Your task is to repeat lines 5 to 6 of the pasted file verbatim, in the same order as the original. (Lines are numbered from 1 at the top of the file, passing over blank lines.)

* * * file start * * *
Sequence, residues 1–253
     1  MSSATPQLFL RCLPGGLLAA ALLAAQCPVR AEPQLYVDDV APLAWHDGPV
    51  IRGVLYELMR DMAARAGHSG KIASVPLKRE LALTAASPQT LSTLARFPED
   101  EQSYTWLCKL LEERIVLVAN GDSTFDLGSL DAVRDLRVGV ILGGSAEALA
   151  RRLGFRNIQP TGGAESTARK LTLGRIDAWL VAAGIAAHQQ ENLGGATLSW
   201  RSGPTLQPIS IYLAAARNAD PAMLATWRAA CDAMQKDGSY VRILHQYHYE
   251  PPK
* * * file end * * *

   151  RRLGFRNIQP TGGAESTARK LTLGRIDAWL VAAGIAAHQQ ENLGGATLSW
   201  RSGPTLQPIS IYLAAARNAD PAMLATWRAA CDAMQKDGSY VRILHQYHYE